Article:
The working groups have to remain flexible since information about the pandemic is constantly evolving, which calls for multiple strategies and plans that can account for a variety of unexpected conditions, Martin said.
“Because uncertainty is the key,” Martin said. “We simply just don’t know. This is unprecedented. I want to emphasize that even though we have plans and contingencies and scenarios, the most important thing is that we’re building the networks and knowledge of how to work together to identify the trigger points, the ‘switches’ that allow us to shift between the scenarios.”
No final plans or strategies have been made yet because it’s still very early in the response process, Cudd said, but a few ideas are being tossed around. In the coming weeks, once Gallagher and his team have had time to review the task forces’ reports, Pitt will begin making more concrete announcements.
“Of course, ideally, we will be teaching students face to face (in the fall 2020 semester),” Cudd said. “I think everybody’s ideal is that. But we’re planning for how could that be possible and under what conditions would that be possible — what the triggering conditions, as they say, would be for that.”
Some of the specific ideas on the table so far, she said, include testing, providing for quarantine or self-isolation, and requiring Pitt faculty, staff and students to wear masks on campus.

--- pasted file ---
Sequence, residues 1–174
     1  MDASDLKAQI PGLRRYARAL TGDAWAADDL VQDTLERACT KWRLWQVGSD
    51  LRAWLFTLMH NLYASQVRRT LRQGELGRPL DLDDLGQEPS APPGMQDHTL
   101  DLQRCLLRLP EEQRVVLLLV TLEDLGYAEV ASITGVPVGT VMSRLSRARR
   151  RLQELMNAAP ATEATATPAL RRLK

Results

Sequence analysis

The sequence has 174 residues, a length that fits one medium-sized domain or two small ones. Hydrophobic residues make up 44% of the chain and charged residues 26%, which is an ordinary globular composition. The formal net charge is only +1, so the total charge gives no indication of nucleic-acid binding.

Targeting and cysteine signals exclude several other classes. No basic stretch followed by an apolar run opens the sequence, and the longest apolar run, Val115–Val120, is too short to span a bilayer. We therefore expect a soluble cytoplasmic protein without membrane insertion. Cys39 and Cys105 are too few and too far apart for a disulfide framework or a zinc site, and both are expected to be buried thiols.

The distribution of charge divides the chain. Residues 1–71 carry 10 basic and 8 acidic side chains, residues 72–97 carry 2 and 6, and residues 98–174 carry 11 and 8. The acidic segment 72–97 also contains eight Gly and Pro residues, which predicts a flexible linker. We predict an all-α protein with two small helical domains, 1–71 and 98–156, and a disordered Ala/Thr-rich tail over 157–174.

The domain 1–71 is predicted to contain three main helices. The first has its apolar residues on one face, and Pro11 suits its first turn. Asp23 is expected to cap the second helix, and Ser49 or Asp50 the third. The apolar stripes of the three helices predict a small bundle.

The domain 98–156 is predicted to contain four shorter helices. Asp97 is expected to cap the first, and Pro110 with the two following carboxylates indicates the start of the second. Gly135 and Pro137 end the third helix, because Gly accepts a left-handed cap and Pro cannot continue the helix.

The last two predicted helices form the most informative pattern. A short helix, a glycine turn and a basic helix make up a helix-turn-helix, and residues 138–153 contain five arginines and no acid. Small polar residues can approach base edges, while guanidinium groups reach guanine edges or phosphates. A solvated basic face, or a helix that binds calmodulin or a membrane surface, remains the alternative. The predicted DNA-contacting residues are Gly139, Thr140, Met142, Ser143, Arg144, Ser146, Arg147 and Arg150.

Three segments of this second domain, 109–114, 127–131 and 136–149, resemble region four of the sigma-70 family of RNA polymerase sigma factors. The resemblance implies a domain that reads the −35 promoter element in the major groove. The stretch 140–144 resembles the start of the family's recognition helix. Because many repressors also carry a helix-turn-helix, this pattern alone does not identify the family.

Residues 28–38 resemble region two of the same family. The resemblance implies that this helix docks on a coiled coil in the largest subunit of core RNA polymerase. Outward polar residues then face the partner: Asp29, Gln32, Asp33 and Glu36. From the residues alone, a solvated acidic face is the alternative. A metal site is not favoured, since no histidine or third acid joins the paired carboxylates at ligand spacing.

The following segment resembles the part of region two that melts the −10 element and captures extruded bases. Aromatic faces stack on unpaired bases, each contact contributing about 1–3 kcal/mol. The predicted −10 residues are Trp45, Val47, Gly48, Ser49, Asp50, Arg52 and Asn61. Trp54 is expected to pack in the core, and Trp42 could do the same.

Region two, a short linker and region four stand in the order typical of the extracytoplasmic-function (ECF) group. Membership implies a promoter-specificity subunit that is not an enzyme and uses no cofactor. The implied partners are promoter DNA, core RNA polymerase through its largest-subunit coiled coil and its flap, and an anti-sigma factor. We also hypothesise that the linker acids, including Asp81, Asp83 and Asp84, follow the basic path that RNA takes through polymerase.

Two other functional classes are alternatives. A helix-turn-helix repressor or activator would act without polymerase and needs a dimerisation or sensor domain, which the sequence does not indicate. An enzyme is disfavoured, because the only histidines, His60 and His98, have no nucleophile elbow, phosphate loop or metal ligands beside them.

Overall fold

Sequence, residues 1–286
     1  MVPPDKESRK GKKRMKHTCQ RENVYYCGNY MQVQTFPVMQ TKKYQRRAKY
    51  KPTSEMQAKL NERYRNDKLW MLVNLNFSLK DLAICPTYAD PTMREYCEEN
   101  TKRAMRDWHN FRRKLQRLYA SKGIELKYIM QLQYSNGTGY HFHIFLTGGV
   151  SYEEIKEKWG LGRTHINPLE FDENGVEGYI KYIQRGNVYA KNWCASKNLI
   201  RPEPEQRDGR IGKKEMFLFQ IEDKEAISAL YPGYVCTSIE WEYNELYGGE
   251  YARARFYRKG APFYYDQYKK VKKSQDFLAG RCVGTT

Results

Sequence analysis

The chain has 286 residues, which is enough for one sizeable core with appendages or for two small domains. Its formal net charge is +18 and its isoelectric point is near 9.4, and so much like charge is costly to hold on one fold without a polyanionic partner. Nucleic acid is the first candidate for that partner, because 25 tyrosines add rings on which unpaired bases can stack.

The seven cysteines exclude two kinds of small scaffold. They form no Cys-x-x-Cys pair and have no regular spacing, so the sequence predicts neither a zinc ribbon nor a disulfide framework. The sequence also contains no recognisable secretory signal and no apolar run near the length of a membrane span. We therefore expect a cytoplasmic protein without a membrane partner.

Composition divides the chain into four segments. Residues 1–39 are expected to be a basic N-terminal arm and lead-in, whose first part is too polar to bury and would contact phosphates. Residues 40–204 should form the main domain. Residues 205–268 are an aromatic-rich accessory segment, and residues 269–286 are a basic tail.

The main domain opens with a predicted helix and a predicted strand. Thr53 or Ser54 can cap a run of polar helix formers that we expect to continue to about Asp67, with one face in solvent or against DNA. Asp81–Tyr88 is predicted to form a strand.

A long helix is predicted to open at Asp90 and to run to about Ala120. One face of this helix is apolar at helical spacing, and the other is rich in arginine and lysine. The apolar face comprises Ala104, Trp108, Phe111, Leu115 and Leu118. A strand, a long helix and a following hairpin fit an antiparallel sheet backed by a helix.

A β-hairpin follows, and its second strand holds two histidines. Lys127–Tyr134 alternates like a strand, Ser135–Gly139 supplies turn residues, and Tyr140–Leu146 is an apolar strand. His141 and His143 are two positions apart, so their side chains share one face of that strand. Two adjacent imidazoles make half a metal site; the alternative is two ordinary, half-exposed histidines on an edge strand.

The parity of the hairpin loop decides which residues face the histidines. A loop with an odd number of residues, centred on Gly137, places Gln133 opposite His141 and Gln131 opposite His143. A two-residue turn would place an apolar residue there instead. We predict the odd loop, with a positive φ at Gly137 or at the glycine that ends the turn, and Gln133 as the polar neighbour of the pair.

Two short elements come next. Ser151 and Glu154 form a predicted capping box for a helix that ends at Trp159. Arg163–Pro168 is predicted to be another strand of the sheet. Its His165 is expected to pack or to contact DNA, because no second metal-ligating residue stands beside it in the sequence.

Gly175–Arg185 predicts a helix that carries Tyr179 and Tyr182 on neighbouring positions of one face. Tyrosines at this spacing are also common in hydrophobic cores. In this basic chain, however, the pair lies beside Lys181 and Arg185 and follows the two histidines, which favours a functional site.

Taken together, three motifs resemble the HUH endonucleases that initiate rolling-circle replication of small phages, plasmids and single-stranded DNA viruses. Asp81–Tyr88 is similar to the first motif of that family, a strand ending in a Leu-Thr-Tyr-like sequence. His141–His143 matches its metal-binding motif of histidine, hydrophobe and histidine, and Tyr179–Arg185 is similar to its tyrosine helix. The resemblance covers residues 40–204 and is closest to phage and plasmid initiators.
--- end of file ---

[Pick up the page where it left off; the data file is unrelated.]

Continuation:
The task forces also have relied on surveys of faculty, staff and students and their parents to gather a broad range of input on Pitt’s sudden transition to remote learning — mostly to figure out what worked and what could be improved.
Cudd said the Health and Housing working group, which Martin co-chairs, works with several students on what would motivate students to follow new campus building and housing guidelines.
But compliance from the entire Pitt community will be a major component of on-campus operations in the fall semester, both Cudd and Martin said.
“We can’t enforce our way into compliance,” Cudd said. “What we have to do is create a sense of care and responsibility for each other. My mask protects you and your mask protects me.”
Martin agrees, adding that improvement relies on the actions of the community.
“The objective is not to minimize the number of sick people,” Martin said. “The idea is to increase the number of healthy people on campus. And that can be done. Simply by individual behavior.”
Martin sees an opportunity for Pitt to stand out as a leading institution with innovative strategies to help combat the spread of the virus. He said it’s important that people keep in mind that it’s not inevitable that the virus will spread to everyone.
“It can be mitigated through individual behavior, and that is an opportunity for us,” Martin said. “Universities have always meant so much to the advancement of cities and towns and states and society. This is an opportunity for the University to be an instrument of healing.”
Donovan Harrell is a writer for the University Times. Reach him at firstname.lastname@example.org or 412-383-9905.